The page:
EPA building owners to give international students the boot if they don’t recycle
STUDENTS at Trinity College Foundation Studies are learning real world lessons on recycling when owners of the Environment Protection Authority building picked up on the young tenants’ shabby handling of waste within the complex. Lydia Liu, Sherry Li and Shaun Xu report.
Owners of the Environment Protection Authority (EPA) building have warned Trinity College Foundation Studies and its students that they would not be able to use the building’s facilities if they don’t properly dispose of waste and recycle within the complex.
Formerly the Carlton United Brewery, the EPA worked with owner-developer Drapac in 2009 to save the building and transform it into the sustainable commercial building it is today.
The college moved into their new premises on 200 Victoria St just months ago, but students have been largely unaware of their new obligations.
A survey examining students’ recycling habits found 60 per cent of students had given little thought about recycling and how they disposed of their waste, prior to the warning.
This includes disposing of “organic waste”, “landfill waste” and materials for “recycling” separately.
So what can students do both inside and outside the classroom? Here are some tips:
Different types of waste
For starters, students ought to be able to identify and differentiate between different types of waste.
Organic Waste: This is considered to be anything that comes from an animal or plant – as long as it is biodegradable. Examples of organic waste include fruit you might carry around, vegetables or meats, bones, rice, cheese, egg shells or even waxed paper.
Recycled Waste: While paper is the main concern for recycled waste, other things that come under this category include plastics (i.e. takeaway boxes and plastic bottles), aluminium (i.e. drink cans) and glass (i.e bottles and jars).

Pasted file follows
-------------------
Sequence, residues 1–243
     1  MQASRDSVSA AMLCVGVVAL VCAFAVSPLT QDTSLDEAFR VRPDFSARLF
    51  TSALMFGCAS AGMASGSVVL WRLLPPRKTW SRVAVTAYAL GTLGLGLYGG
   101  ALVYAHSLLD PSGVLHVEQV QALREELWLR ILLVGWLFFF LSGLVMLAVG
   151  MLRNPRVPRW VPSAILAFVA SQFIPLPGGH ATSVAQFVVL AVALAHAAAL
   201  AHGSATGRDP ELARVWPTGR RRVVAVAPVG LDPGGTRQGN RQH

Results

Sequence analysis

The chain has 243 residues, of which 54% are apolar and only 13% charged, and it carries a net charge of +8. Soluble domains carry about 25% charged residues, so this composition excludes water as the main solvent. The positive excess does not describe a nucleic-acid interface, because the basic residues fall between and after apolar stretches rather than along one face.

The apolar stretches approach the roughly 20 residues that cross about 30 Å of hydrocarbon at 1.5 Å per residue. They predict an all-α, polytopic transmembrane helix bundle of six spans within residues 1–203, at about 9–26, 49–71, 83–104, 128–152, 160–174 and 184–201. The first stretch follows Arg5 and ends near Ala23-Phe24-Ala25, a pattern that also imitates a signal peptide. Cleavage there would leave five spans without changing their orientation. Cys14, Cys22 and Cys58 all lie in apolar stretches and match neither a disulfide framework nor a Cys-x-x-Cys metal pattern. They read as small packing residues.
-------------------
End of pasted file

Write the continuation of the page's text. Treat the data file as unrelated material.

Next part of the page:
Landfilled Waste: If what you’re holding onto doesn’t fit into either categories above, then it most likely will end up in the general landfill waste.
It’s surprising how something simple like paper can be re-used. Paper can comprise the following: magazines, newspapers, office paper, cardboard, phone directories etc.
Rather than scrunch up some old handouts from class and throw them out, why not hold onto them? They might have other uses in the future, for instance as scrap paper for note-taking or as a wrap for delicate items when you have to pack things. The same also applies to envelopes!
Paper waste can especially be reduced within your own household by placing a “no junk mail” sign on your letterbox, thus reducing unwanted deliveries. Additionally, consider reading news from your computer, phone or tablet device instead of collecting piles of newspapers.
Should you ever have to print something, print on both sides of the paper. And if possible, buy recycled paper instead!
Most electrical equipment can be re-used or broken down into parts. If your electrical equipment is still in full working order, you can either sell it or donate it to a charity shop. Pawn shops like Cash Converters may even accept or take back old products for cash! Some councils also accept electrical equipment at their waste recycling centres.
Always try to repair items rather than throwing them away. Also keep in mind that others may find a use for the item when you no longer want it.
And finally, when buying any electrical item, take note of its lifespan. A longer lasting electrical item will certainly create a better environment for you.
This story was produced by media and communication students at Trinity College Foundation Studies as part of Meld’s community newsroom collab. Education institutions, student clubs/societies and community groups interested in being involved can get in touch us via email@example.com.